Originally a correspondent on The Daily Show with Jon Stewart (and like fellow correspondent Stephen Colbert a Second City veteran), he is perhaps most recognized for portraying the character of Michael Scott on The Office, the American adaptation of the British sitcom (for which he received a Golden Globe Award for best actor in a television comedy series). Since then, he's risen to prominence on the silver screen, his first starring role in a Hollywood production being The 40-Year-Old Virgin, wherein he portrayed the titular character, Andy Stitzer. However, he'd held minor roles before, such as that of Evan Baxter, the Small Name, Big Ego rival to Jim Carrey's Bruce Nolan in Bruce Almighty. He's since gone on to take on a variety of roles, proving equally adept in comedy and drama, and even showing that he can completely disappear into some truly dark and disturbed characters.
People tend to forget he's a pretty jam-up writer; he co-wrote The 40-Year-Old Virgin and also wrote the Season 2 finale of The Office ("Casino Night"), widely regarded as one of the best episodes of the series. On top of this, he and his wife Nancy created the TBS series Angie Tribeca and wrote the pilot episode.
- The 40-Year-Old Virgin - his first starring role; he also co-wrote the film.
- Anchorman: The Legend of Ron Burgundy
- Bewitched - very impressive job of doing Paul Lynde playing Uncle Arthur
- The Big Short - a serious character who gets a lot of laughs for his abrasive personality, nonexistent social skills, and liberal use of F-bombs.
- Bruce Almighty
- Evan Almighty - the sequel, starring his character Evan Baxter
- Crazy Stupid Love
- Curly Sue - his first acting role, playing a bit part as a waiter
- Dan in Real Life
- Date Night (with Tina Fey)
- Despicable Me
- Dinner for Schmucks
- Foxcatcher - another serious role, playing schizophrenic millionaire John Du Pont.
- Get Smart - The role he was genetically engineered for.
- Horton Hears a Who!
- The Incredible Burt Wonderstone
- Last Flag Flying
- Little Miss Sunshine - a rare serious role as a suicidal gay academic.
- Over the Hedge
- Seeking a Friend for the End of the World
- The Way, Way Back
- Beautiful Boy
- Welcome to Marwen
- The Morning Show - one of the VERY few times he's played a decidedly UNLIKEABLE character; Mitch Kessler, who is America's top morning show host- until he's fired from the network amid allegations of sexual misconduct.
Tropes associated with Steve Carell include:
- Dyeing for Your Art: Since attaining silver fox status, he's dyed his hair for roles several times.
- That famous (or is it INFAMOUS?) chest waxing scene in The 40-Year-Old Virgin? One hundred percent real. At one point Carell nearly lost a NIPPLE due to the actress playing the waxer not realizing that you're supposed to cover the aforementioned body part in Vaseline before putting wax on it (fortunately, director Judd Apatow realized what was happening and yelled "CUT!" just in time). YEOWCH!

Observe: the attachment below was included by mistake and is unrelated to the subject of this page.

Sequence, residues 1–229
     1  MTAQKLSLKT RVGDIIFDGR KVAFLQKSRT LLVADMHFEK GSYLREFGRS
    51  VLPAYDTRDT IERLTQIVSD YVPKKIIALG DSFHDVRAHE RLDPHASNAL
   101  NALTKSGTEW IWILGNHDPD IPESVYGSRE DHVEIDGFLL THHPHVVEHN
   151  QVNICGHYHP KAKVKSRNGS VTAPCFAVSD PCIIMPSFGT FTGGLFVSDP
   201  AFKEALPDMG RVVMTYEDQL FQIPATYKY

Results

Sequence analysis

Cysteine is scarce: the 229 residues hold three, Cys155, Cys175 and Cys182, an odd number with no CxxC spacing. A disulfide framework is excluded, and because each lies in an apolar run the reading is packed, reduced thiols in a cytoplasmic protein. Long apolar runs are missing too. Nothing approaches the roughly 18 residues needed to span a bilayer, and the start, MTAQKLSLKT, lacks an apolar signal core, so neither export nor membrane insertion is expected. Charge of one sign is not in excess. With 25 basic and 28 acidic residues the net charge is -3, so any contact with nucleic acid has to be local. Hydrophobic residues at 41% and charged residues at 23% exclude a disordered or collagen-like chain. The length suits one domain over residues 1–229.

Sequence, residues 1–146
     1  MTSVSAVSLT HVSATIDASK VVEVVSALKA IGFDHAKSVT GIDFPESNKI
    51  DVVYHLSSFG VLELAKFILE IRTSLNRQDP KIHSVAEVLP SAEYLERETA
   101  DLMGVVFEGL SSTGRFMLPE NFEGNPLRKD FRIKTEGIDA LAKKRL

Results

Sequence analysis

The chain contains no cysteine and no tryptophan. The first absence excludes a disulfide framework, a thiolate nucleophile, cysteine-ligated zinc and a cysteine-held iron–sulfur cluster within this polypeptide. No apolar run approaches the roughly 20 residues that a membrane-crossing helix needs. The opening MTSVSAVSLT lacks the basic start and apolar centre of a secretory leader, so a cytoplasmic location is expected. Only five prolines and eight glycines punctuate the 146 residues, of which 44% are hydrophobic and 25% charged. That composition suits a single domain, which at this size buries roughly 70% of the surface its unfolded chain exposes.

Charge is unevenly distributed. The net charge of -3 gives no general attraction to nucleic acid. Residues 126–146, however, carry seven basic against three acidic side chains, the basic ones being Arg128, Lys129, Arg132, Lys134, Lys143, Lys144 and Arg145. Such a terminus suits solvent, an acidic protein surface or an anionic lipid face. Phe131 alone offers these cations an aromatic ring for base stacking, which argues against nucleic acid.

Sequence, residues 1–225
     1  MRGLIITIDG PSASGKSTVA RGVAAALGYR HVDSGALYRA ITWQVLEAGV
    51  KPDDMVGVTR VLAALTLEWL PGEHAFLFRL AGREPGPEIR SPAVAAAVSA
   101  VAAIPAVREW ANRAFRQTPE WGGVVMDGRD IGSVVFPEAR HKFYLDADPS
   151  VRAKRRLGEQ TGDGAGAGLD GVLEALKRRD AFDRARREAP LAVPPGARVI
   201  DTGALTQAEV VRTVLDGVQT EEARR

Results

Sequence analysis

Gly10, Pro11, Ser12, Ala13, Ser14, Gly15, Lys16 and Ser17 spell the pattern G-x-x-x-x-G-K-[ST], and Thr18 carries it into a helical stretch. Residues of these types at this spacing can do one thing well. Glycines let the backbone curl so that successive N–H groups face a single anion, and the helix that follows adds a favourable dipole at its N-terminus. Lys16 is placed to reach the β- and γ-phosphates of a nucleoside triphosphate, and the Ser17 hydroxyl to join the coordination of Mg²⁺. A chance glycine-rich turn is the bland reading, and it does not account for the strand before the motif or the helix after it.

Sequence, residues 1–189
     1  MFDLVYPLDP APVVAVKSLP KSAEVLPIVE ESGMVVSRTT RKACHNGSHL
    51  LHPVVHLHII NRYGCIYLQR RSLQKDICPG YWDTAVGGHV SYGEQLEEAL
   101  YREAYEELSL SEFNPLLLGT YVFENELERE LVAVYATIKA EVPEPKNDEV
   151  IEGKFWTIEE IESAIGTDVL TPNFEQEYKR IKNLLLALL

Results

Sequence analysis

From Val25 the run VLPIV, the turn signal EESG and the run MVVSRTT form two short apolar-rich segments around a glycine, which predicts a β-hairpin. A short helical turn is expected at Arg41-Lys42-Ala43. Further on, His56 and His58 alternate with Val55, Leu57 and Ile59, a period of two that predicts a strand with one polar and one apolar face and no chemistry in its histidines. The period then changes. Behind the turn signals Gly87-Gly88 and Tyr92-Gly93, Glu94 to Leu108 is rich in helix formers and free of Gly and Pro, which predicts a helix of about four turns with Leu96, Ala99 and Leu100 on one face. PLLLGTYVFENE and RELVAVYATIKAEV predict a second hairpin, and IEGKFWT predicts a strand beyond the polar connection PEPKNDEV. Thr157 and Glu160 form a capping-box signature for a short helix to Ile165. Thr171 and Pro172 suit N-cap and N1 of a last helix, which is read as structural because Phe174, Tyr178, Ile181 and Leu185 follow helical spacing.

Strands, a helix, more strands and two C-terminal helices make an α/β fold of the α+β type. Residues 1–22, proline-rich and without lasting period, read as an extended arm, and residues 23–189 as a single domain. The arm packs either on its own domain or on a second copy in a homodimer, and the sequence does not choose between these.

- The Everyman: Plays a likable, sympathetic Nice Guy fairly often. Examples include: The 40-Year-Old Virgin, Dan in Real Life, and Crazy Stupid Love.
- Large Ham: We are going to steal-pause for effect-THE MOON!
- Playing Against Type: His roles in Little Miss Sunshine and The Way, Way Back, as well as his Oscar-nominated work in Foxcatcher, are all noted departures for the actor. Mitch Kessler from The Morning Show also counts as this.
- Reclusive Artist: Not an extreme example, but he generally dislikes making a public spectacle of himself, doesn't give a lot of interviews and says that, in between projects, he much prefers spending time with his family.
- Star-Making Role: The 40-Year-Old Virgin, although his performance as Brick Tamland in Anchorman: The Legend of Ron Burgundy is what got him noticed by Judd Apatow. Ultimately, his role as Michael Scott thrust him into prominence. In Rainn Wilson's book The Bassoon King, he recalls a lunch with the main cast at the start of the show, and Carell said that he had a feeling that "Michael Scott" would be the role he will always be known for.
- Tom Hanks Syndrome: Little Miss Sunshine was the first instance of Steve showing that he has dramatic range and he's moved onto become known as a "serious actor", earning critical acclaim in films like Foxcatcher and The Big Short while also occasionally going back to the broad comedy he built his reputation on.
- Unsympathetic Comedy Protagonist: In The Office (US) and The Incredible Burt Wonderstone.
- What Could Have Been: He auditioned for a cast member on SNL but lost the role to Will Ferrell.
- He also auditioned for the American version of Whose Line Is It Anyway?, but was turned down.